US 5156758 A
A terpolymer having the formula: ##STR1## wherein n=0 to 12; x is about 15 to about 75 mole percent; y is about 25 to about 85 mole percent; z is about 0.1 to about 10 mole percent; R1 and R3 equal to H, C1 -C10 alkyl, alkyl amino, alkylpolyamino, alkyl amino ether, alkyl amino alcohol groups and R2 is an alkyl group having about 1 to about 8 carbon atoms.
1. A process for preparing copolymers containing ethylene and a carboxylic acid amide comprising:
a. interpolymerizing a monomer mixture comprising ethylene, a C3 to C10 alpha olefin and an unsaturated C4 to C21 carboxylic acid or complexed with an aluminum alkyl or an aluminum alkyl halide in the presence of organic solvent and a Ziegler-Natta transition metal catalyst to form a copolymer having number average molecular weight of at least about 5,000;
b. reacting the polymer of step (a) with an amine selected from the group consisting of an alkylamine, alkylpolyamine, alkyl amino ether and alkyl amino alcohol to form a copolyamide; and
c. recovering said copolyamide.
2. The process of claim 1 wherein said C3 to C10 alpha olefin is propylene.
3. The process of claim 1 wherein said C4 to C21 monomer is an ester selected from the group consisting of methyl, phenyl, thioethyl and trimethyl silyl undecylenates.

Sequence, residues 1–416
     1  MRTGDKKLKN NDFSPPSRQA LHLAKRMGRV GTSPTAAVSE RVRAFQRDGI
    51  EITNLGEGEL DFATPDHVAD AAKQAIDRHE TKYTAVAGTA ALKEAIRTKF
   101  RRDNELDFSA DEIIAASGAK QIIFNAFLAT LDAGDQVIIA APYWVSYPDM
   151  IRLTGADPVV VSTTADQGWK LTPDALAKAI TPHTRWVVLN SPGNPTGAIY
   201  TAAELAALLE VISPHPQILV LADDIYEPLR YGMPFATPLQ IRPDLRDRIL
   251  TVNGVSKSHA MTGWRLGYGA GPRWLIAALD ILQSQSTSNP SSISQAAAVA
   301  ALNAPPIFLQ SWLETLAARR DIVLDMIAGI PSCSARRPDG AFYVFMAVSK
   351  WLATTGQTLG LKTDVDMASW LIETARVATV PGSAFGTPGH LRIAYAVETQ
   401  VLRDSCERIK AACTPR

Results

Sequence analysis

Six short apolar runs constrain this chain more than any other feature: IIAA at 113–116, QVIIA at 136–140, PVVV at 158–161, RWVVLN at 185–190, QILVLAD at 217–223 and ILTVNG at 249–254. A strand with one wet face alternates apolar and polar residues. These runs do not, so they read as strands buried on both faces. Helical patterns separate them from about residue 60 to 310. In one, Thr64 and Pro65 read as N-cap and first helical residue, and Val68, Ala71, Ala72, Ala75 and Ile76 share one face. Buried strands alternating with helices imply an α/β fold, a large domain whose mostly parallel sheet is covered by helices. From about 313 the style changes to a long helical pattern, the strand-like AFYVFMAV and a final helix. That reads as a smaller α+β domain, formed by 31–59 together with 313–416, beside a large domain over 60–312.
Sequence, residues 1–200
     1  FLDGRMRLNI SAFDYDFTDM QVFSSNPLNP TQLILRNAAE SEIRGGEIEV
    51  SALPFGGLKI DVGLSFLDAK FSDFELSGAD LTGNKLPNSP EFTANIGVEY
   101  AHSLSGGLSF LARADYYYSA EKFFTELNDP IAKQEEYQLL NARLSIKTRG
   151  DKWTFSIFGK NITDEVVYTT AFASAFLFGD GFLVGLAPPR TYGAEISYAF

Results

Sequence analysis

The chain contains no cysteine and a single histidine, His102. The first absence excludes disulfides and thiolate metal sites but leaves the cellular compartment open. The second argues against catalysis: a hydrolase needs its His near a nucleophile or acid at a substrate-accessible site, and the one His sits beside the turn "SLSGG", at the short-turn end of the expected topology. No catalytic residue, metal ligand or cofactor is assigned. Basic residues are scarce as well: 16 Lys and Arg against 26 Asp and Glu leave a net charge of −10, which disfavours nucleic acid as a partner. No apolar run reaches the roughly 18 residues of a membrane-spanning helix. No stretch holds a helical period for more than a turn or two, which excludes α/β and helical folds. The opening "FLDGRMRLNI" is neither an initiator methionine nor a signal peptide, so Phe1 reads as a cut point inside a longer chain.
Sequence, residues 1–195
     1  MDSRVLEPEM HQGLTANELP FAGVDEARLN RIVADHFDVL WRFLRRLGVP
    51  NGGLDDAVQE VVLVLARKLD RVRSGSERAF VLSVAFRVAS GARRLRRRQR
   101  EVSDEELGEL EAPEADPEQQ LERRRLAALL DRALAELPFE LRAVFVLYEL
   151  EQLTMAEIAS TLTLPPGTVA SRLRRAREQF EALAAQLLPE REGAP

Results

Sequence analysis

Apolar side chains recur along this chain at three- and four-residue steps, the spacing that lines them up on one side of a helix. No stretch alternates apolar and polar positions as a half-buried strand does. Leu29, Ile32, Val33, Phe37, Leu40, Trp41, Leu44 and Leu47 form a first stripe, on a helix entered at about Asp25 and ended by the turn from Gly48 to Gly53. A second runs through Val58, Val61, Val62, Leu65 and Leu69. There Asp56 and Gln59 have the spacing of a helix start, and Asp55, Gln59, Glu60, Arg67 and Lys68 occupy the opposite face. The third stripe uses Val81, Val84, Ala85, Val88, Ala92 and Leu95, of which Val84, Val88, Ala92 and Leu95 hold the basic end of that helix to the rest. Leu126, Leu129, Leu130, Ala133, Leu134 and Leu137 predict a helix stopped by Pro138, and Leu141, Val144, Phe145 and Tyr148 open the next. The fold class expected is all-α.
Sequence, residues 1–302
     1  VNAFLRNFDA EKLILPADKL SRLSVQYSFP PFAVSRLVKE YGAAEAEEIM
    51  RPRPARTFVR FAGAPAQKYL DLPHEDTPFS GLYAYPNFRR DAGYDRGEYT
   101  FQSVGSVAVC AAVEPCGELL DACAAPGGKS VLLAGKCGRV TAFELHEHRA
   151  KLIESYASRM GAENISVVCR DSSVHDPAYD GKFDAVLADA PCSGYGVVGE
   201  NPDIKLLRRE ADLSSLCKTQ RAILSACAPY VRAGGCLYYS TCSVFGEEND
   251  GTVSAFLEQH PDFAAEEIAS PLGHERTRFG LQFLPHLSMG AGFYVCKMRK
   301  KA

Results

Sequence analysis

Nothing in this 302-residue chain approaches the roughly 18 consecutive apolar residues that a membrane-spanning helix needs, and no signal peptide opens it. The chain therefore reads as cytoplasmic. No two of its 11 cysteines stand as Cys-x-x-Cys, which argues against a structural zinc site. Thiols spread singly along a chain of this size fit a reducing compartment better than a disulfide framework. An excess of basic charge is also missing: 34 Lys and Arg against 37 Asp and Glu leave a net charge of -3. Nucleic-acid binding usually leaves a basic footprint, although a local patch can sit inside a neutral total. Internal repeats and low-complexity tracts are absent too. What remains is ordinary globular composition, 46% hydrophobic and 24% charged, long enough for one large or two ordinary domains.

4. The process of claim 1 wherein said acid or ester is complexed with diethyl aluminum chloride.
5. The process of claim 1 wherein said Ziegler-Natta transition catalyst comprises a mixture of VCl4 and an alkyl aluminum halide.
6. The process of claim 1 wherein said copolymer contains from about 15 to about 75 mole % of ethylene, from about 25 to about 85 mole % of said C3 to C10 alpha olefin and from about 0.1 to about 10 mole % of said amide of said C4 to C21 carboxylic acid or ester.
7. The process of claim 6 wherein said copolymer has a number average molecular weight of from about 20,000 to about 100,000.
8. The process of claim 6 wherein said copolymer has a molecular weight distribution Mw /Mn of less than 10.
9. The process of claim 8 wherein said copolymer has a molecular weight distribution Mw /Mn of less than 4.
10. The process of claim 1 wherein said amidation reaction is conducted in the presence of an amidation catalyst.
11. The process of claim 10 wherein said amidation catalyst is stannous octoate.
12. The process of claim 1 wherein said amine is N-aminopropyl morpholine.
13. A copolymer prepared by the process of claim 1.
14. A polymeric solution comprising:
a. a non-polar lubricating oil; and
b. about 0.1 to about 30 weight percent of he copolymer of claim 13.